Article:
Sam’s Field Notes: ‘Let ’em Rest, Let ’em Nest’

Audubon North Carolina helps the Wildlife Resources Commission protect colonial nesting bird sites by establishing citizen stewardship programs that help post bird sites, monitor nesting bird activities and promote education and appreciation of these resilient animals. Their motto, “Be a good egg, let ’em rest, let ’em nest.” Photo: Carmen Johnson, North Carolina Wildlife Resources Commission

EMERALD ISLE – Near the shoreline of Bogue Inlet at the western end of Bogue Banks, the open sandy beach is decorated with small lumpy dunes and patches of shaggy grasses.

The gritty sound of the blades of my post hole diggers biting into the sandy soil is answered by the groan of oil-thirsty hinges as I pull the handles apart. A loose clump of sand is captured by my diggers and added to a small pile on the beach as the hole gets deeper.

Barrier island beaches, especially near inlets, estuary islands in rivers and sounds, and even dredge spoil islands are posted to prohibit entry.

Around me, people are placing posts with signs into the holes that I’ve dug while others are pulling a thick string between the posts and tying on bright orange flagging tape. As we work, curious beach strollers casually walk over and ask “what are you doing,” while overhead, the alarm of irritated shorebirds fills the air.

Each spring, all along the coastal sandy barrier islands, estuary islands and dredge spoil islands of North Carolina, thousands of shorebirds of several different species have arrived to breed and nest. Instinctually drawn to these critical habitats, they begin an arduous journey of survival. As the warm spring temperatures begin to climb, these same habitats also attract hundreds of thousands of beachgoers, boaters and anglers.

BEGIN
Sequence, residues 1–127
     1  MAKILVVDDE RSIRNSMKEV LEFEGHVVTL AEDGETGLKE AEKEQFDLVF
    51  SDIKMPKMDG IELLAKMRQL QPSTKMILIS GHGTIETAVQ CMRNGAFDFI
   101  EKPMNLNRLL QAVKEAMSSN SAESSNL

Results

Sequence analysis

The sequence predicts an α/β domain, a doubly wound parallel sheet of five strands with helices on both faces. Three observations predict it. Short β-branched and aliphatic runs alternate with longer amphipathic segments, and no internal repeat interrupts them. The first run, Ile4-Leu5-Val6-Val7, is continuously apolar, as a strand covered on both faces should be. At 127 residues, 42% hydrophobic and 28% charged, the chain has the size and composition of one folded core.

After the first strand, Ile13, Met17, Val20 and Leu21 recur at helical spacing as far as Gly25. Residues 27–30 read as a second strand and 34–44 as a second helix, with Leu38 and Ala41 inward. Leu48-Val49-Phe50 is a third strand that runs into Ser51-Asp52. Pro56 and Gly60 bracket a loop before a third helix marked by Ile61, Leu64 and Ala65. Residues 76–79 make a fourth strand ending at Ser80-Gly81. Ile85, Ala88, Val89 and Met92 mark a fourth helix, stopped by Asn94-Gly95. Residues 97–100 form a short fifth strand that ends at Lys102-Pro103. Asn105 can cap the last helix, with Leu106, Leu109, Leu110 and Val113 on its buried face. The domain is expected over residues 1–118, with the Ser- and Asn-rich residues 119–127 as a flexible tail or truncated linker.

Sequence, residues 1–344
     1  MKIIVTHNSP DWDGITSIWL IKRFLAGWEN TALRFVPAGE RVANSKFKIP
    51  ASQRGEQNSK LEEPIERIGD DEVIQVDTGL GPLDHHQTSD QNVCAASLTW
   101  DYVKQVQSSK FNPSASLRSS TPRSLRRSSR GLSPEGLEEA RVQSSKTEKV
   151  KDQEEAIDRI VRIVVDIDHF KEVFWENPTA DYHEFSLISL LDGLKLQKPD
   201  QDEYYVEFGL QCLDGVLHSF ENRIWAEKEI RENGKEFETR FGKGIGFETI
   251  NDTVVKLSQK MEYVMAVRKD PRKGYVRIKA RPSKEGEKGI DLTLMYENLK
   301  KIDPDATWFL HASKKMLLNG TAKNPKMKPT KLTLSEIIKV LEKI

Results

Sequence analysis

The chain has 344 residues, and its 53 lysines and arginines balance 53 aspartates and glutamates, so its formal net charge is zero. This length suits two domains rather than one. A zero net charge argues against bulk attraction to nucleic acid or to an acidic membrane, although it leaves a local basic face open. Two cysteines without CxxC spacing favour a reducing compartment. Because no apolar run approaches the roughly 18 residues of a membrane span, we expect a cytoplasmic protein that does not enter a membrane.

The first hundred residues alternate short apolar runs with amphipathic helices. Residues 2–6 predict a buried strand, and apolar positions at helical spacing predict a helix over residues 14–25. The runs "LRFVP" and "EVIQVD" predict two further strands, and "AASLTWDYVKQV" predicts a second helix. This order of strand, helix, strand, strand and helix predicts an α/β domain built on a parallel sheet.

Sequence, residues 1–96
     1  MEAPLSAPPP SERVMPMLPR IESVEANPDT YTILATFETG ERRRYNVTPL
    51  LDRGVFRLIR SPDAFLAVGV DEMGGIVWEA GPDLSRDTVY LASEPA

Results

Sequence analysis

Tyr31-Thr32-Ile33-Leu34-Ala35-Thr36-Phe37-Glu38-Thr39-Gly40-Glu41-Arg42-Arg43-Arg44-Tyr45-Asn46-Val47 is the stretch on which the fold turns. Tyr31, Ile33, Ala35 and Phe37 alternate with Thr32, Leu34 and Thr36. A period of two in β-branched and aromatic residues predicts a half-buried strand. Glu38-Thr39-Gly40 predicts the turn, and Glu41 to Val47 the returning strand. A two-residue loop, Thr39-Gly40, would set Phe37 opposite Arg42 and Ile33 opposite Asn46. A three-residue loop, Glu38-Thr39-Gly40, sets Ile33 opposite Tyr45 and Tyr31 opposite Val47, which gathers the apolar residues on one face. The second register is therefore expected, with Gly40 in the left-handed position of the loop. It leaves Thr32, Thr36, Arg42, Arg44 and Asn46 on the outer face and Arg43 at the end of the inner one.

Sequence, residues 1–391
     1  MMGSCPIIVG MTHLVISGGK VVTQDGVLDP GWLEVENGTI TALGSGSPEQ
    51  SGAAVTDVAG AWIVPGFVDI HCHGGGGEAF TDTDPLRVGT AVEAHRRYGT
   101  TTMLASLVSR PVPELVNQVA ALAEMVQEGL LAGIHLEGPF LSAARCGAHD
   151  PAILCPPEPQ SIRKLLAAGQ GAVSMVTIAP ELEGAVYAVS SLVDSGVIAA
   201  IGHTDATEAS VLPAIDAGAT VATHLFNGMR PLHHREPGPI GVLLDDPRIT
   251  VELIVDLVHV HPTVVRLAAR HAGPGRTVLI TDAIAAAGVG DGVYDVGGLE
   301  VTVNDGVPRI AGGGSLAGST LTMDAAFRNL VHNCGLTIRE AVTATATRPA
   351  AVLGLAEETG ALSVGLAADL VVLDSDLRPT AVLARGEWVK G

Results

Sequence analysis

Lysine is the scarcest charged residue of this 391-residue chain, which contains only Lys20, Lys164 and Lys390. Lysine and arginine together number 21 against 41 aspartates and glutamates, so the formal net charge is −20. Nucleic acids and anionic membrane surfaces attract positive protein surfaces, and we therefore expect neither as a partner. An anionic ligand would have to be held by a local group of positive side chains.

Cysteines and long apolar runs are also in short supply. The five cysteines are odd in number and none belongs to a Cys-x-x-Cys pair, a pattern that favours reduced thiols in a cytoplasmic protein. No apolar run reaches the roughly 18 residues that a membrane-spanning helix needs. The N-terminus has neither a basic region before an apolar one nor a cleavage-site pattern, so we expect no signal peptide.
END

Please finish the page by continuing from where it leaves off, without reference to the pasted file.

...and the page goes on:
The North Carolina Wildlife Resources Commission is tasked with protecting shorebird nesting areas where birds nest in large groups, or colonies. But for these birds to thrive, they need our help, just simple actions that can keep these birds flying for generations to come.

To participate in the shorebird stewardship program, contact Diane Midness at dmidness@gnail.com.

About the Author

Sam Bland

Sam Bland spent much of his life out in the field as as a park ranger and park superintendent at the N.C. Division of Parks and Recreation. Most of his 30 years with the division was spent at Hammocks Beach State Park near Swansboro where Sam specialized in resource management and environmental education. He joined the N.C. Coastal Federation in 2009 and is responsible for helping develop programs at the education center on Jones Island in the White Oak River. He is also an accomplished photographer.